provides a detailed summary of each interview's contents. Each form identifies the name of the interviewee, interpreter, and interviewer; specifies the date, length, and location of the interview; tape number; language(s) used; a summary of topics discussed; and a detailed breakdown of the tape contents referenced by time and counter number location. This form provides a researcher with the means to quickly track important recorded information on identified cultural properties back to the information source - the interview recordings.
(3) The Oral History Cultural Resource Inventory Form
provides a complete summary of each identified site's location, description, and significance. It should include the following information for each identified site: Site name (Native/ English) and its translation; complete legal description; site type; season of use; duration of use; site description
; age; significance; list of citations containing historic/ prehistoric information regarding the site (both oral history tapes and historical documents); and a map of the site showing its exact location and extent (boundaries). This Cultural Resource Inventory Form will provide researchers with a means to document each identified property and insure that protection measures will be enforced.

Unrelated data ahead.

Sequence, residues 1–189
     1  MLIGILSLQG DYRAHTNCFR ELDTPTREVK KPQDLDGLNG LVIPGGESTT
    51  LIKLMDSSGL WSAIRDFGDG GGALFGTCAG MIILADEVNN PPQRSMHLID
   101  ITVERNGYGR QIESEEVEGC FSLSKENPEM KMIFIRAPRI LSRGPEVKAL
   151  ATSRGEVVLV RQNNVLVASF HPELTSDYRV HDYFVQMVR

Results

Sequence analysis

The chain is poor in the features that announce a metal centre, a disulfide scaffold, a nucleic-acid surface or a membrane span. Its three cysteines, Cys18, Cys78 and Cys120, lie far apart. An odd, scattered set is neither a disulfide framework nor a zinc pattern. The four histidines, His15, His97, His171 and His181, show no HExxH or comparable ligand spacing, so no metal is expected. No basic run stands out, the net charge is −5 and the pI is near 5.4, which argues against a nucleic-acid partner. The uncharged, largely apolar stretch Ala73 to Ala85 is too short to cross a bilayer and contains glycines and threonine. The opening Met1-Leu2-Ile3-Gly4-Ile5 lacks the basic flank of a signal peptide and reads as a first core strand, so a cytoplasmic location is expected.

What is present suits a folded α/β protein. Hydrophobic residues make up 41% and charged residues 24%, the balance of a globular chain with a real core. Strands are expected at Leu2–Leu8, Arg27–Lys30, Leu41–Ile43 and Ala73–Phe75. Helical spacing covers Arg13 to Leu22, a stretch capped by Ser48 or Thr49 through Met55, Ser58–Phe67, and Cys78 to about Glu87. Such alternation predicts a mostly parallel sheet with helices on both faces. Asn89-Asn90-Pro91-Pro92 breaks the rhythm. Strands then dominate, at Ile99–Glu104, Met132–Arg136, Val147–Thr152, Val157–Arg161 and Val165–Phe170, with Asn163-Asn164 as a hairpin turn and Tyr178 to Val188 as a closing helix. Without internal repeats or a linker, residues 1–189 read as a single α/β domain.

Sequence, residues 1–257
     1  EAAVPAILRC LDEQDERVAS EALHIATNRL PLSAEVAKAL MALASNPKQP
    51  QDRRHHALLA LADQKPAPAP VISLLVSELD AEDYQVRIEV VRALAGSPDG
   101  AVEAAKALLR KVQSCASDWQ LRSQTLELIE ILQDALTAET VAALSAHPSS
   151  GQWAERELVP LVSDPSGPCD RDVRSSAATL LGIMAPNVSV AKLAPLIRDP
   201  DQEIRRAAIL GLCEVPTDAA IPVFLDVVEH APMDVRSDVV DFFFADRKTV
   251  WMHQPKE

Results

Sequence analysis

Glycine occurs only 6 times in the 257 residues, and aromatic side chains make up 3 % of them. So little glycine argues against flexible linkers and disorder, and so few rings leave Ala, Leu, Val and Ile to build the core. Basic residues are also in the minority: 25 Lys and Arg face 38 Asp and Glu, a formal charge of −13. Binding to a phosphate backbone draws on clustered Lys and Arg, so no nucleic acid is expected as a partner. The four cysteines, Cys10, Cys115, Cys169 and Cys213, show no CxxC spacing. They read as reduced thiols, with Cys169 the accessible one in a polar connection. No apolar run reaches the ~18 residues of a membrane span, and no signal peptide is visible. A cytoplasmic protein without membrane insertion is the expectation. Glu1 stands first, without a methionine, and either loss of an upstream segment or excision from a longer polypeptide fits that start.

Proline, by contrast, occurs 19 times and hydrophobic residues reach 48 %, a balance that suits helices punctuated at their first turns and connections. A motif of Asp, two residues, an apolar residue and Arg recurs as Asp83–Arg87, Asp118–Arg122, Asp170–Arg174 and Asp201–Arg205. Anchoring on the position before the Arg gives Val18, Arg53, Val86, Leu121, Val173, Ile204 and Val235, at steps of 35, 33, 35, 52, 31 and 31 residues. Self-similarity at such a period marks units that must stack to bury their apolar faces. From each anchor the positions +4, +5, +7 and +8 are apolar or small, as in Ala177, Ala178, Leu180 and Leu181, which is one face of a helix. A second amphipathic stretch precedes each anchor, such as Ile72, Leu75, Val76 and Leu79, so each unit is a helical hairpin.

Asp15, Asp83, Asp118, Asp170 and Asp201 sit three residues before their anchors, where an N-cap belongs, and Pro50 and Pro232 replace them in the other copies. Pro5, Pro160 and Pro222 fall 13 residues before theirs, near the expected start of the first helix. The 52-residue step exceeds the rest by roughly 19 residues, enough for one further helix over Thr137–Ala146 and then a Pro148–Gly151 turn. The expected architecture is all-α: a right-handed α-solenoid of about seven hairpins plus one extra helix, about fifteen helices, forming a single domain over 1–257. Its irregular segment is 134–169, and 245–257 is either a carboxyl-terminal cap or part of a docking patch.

While the above products are not essential for every oral history project their use can greatly facilitate access to interview recordings and provide a mechanism to track the location and progress of each interview tape and transcript. Tape transcripts provide a complete description of a tape's contents and are much easier to use then a tape. While ready access to this information can prove extremely helpful to later researchers, tape transcripts may be a lower priority for some projects because they are not deemed necessary for your current project and are expensive to complete.
18 Childhood memories at Celilo.
U.S.G.S. 7.5' Series (1:24,000): Quadrangle: East Lake, Oregon Date 1982
Historical Accounts: ___________________________________________________________